By Peggy Mackenzie
The mayor of Rainelle, Andrea (Andy) Pendleton, together with Tom Oxley, an engineer with Thrasher Group, requested assistance from the Greenbrier County Commission with dredging and cleaning out the Sewell Creek stream bed, which runs within the downtown of Rainelle, for the purpose of flood control.
“Infrastructure,” Pendleton said, “must be taken care of before a town can grow.” Flood control is a big infrastructure issue in Rainelle. Pendleton cited two recent floods – in 2002 and 2009 – as examples. The county commission, she said, had made a commitment to the town of Rainelle of $25,000, using coal severance funds. Pendleton said her frustration is high, having tried every agency she could think of to come to an effective solution to prevent any more muddy basements and storefronts, including half jesting – goats to rid the streambed of the vegetation.
Oxley stated sediment has built up in the stream beds and vegetation has crowded in. “Just by removing debris on the banks will reduce the flooding waterways around Rainelle,” he said. “There’s no place else for the water to go.”
Commissioner Woody Hanna reported his research on the issue included finding an excavator to cut out the willow trees in the stream bed and then applying an herbicide to the cut stumps to prevent vegetation regrowth. Both will be costly, he said. He moved to authorized $14,880 to the town of Rainelle, which was all the county had available in the coal severance fund until another fund drop, not due for another three months.
Pendleton said, “The citizens expect results.” She said she was disappointed that sufficient funds for this immediate need were not in hand. The remaining funds were given over to another west end project to finance the District #2 water project for the Sam Black industrial park, which has a longer-term time frame. Pendleton needs the cleanup done immediately.
Commission President Karen Lobban made an addendum to the motion on the floor stating the commission would bolster the amount going to Rainelle when funds are made available. The motion passed unanimously.
In other business:
• In recognition of National 4-H Week, the first full week in October, Greenbrier County 4-H Program Director Emily Cross presented three 4-H youths to the commission, praising their hard work and dedication. She said Greenbrier County has a large 4-H program, serving 400 members across several community clubs. It encompassed 300 livestock projects, 75 varied projects, which included learning how to microwave foods and manage financial planning; how to fish, trap, and sew; and gain drug awareness training and how to avoid cyber bullying, among many others. She said it takes the support of 200 adult volunteers all during the year to keep the 4-H programs operating.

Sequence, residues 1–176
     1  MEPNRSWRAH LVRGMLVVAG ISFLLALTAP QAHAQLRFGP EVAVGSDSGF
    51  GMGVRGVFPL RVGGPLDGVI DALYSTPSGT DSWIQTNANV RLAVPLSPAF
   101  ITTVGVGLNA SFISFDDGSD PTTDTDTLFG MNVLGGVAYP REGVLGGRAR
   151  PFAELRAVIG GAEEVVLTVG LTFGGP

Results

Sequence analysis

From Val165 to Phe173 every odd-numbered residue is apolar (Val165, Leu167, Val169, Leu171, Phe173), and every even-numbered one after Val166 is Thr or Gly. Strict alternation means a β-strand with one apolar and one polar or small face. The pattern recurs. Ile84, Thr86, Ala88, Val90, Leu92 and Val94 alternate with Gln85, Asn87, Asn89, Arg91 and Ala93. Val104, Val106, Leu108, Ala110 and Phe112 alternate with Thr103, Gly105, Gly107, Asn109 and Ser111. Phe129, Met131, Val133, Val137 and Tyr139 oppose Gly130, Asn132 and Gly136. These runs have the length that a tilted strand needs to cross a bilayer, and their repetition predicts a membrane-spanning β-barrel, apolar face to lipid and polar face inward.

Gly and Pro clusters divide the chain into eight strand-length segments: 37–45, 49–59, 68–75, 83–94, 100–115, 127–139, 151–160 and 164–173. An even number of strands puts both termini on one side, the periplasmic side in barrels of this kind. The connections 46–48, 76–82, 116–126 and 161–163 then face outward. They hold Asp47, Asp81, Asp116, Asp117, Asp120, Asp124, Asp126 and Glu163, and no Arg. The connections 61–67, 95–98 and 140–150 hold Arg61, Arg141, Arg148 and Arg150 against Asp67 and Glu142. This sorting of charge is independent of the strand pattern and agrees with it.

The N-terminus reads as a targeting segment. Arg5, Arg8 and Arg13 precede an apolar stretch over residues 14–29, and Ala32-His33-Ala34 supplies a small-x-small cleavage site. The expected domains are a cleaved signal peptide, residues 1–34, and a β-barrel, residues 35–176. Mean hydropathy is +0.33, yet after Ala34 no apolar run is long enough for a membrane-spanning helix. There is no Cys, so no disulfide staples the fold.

• A proclamation for Breast Cancer Awareness Month was signed by the commissioners before awareness supporters Brinda Renick and Betty White.
• Pamela Edens was appointed to the Greenbrier County Housing Authority, replacing Robert Richardson in that position.
• The commission agreed to write a letter to local cell phone providers to encourage cell towers to be placed in the Route 92 area. Cell service ends shortly after leaving White Sulphur Springs when traveling up Rt. 92, the commission noted.
• The commission also will write a letter to the Division of Highways in regards to the condition of Muddy Creek Mountain Road. Hanna remarked that roads everywhere are in as bad a shape. Commissioner Mike McClung responded, stating that although the commission has no jurisdiction to require paving of the county roads, it would not hurt to draw attention to the road’s condition.
• Having received a request from Animal Control Officer Robert McClung for a month-long leave, the commission was reluctant to grant that much time off all at one time, particularly since McClung will also be away for two weeks in October at a training class. Robert McClung is due the time off, McClung said. However Hanna stated that a month is too long for anyone requiring animal control services to wait. He moved to permit Robert McClung only a two-week leave at one time. Roberte McClung can then resubmit a request for the remaining time owed him. The motion passed 2-1 with Mike McClung opposing.
• The commission acknowledged receiving a letter from the Planning Commission which approved the commission’s revisions to the Comprehensive Plan last month. With no further ado, the plan was signed as adopted.